Healthcare Data Breaches – What Happens?

Healthcare Data Breaches

Speaking in generalizations regarding the United States healthcare system, one of the biggest risks and threats to healthcare today isn’t the persisting human error and mistakes but the technology that is not catching up to the threats that are being placed against organizations. Although the same can be stated for many other industries and sectors today, data breaches have by far one of the greatest implications and effects in healthcare today be it with human error or large criminal attacks.

but the technology that is not catching up to the threats that are being placed against organizations.

Although security breaches are a large component of the healthcare threat to success, they wouldn’t happen if protected health information (PHI) was given a higher priority and asset valuation due to the importance and worth. In most cases, credit card numbers and financial information can be canceled and although the process may be a headache, it is possible to start over once again, however with “health records which can include your SSN, cannot be replaced and can lead to a greater and longer lasting impact” (Richards, 2015). In fact, the reason that criminals and hackers are targeting the healthcare industry is because patient records are valued at 50 times what a credit card number is worth. A lack of understanding of the implications from the human aspect of healthcare leads to large data breaches that can cost billions and fines as well as affect many people in the outcome due to leaked secure information. In an article written by RoyalJay, a software developing company, they state that “in the last two years, 94% of healthcare organizations have experienced a breach, with 40% reporting at least five breaches” (Richards, 2015).

Although criminal attacks have become the most common cause of data breaches in the healthcare industry, it isn’t always directly a criminal attack that has led to a data breach. In cases of personal devices and organizations that have a Bring Your Own Device policy, it often leads to unsecure and unencrypted personal devices that are accessing the information that needs the most security. Sometimes, criminal attacks are spurred by stealing smart phones or laptops in a healthcare industry, and since most users and employees typically either don’t know that their devices need to be encrypted or that they ignore such policies, thinking it couldn’t happen to them is a leading cause to data breaches and information security mistakes.

Breached: A costly threat to healthcare

Source: Royal Jay

Some policies that can be further enforced or implemented are for greater resources, time allocation and attention to prevent or quickly detect unauthorized patient data, access, loss or theft. Aside from criminal attacks, the next leading cause of healthcare breaches is the physical theft of devices with sensitive medical record data. Often times lacking proper encryption, these devices typically personal are stolen and the protected health information is directly accessed. As a result, one policy would be to limit personal devices (BYOD – Bring Your Own Device) or to enforce and mandate encryption on these devices in order to protect PHI data files. However, on the other spectrum it is also up to the Health IT industry to further encrypt and protect data and not have all of the responsibility lie with the end user. Nonetheless, a policy is only as effective as its most non-compliant end user so it is important to train, educate and make employees aware about the severity and gravity of data breaches. It is shown in the infographic provided by RoyalJay, that only 77% of healthcare organizations require both security and privacy training, and 41% of those organizations don’t encrypt their data as necessary¬†either.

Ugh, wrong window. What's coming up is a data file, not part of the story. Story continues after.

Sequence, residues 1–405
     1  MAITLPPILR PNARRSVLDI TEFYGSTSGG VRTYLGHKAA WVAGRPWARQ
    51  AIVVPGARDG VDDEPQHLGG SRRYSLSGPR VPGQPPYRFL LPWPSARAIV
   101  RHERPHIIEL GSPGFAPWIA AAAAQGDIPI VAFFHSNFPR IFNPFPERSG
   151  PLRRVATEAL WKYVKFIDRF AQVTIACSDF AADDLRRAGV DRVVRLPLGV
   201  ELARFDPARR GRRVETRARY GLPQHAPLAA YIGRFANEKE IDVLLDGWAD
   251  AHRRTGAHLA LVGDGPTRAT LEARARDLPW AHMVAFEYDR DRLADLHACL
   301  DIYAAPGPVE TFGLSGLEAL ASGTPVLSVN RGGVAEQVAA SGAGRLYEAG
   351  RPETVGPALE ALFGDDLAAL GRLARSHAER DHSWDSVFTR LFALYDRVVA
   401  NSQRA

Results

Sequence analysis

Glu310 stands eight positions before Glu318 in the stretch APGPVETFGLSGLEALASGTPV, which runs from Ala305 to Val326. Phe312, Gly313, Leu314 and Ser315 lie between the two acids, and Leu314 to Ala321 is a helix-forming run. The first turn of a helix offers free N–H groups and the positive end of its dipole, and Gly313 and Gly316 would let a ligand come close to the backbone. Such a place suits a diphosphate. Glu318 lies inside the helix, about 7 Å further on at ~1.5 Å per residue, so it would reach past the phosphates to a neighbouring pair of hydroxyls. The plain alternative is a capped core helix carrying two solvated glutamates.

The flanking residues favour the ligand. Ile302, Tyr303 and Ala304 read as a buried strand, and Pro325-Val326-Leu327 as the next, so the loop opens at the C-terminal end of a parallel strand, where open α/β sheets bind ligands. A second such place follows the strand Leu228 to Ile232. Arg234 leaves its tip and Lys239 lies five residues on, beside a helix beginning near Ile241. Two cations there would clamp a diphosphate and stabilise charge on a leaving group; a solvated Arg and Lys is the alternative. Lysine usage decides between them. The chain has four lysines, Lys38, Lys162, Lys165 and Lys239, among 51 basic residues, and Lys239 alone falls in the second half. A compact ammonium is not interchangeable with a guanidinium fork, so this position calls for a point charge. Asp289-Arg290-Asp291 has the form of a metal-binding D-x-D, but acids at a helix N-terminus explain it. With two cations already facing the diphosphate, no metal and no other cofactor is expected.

Further actions are to implement technical controls to minimize the security and compliance risk such as prevention software, two-factor authentication, and logging and monitoring software. Not only is it important to ensure that devices and the end-user has the proper security and privacy training in regards to encryption and meaningful use, but it is also on the vendor responsibility as well to have more protocols and standards in place for encryption. Although it leads to a gamut of problems with standardization of encryption to allow for interoperability, there have been many organizations and groups that are pushing for a standard in regards of encoding the patient data to allow for interoperability in between different healthcare systems. Other actions can be operational and administrative by implementing oversight committees and groups and to have a continually updated awareness and training program. Through these controls and actions, it is important to integrate the information security aspects and strategies in line with the organizational operations in order to have a well integrated scope and understanding on a technical and administrative standpoint.

Article by Sir. Lappleton III

I'm a happy-go-lucky recent graduate that started a blog as a way to not only document my education and my experiences, but also to share it with whoever stumbles upon my site! Hopefully I can keep you guys entertained as well as learn about a few things from IT as well as from my time and experiences as I plunge deeper and deeper into healthcare! A couple of my areas of focus is data management, system security (cyber security), as well as information technology policy.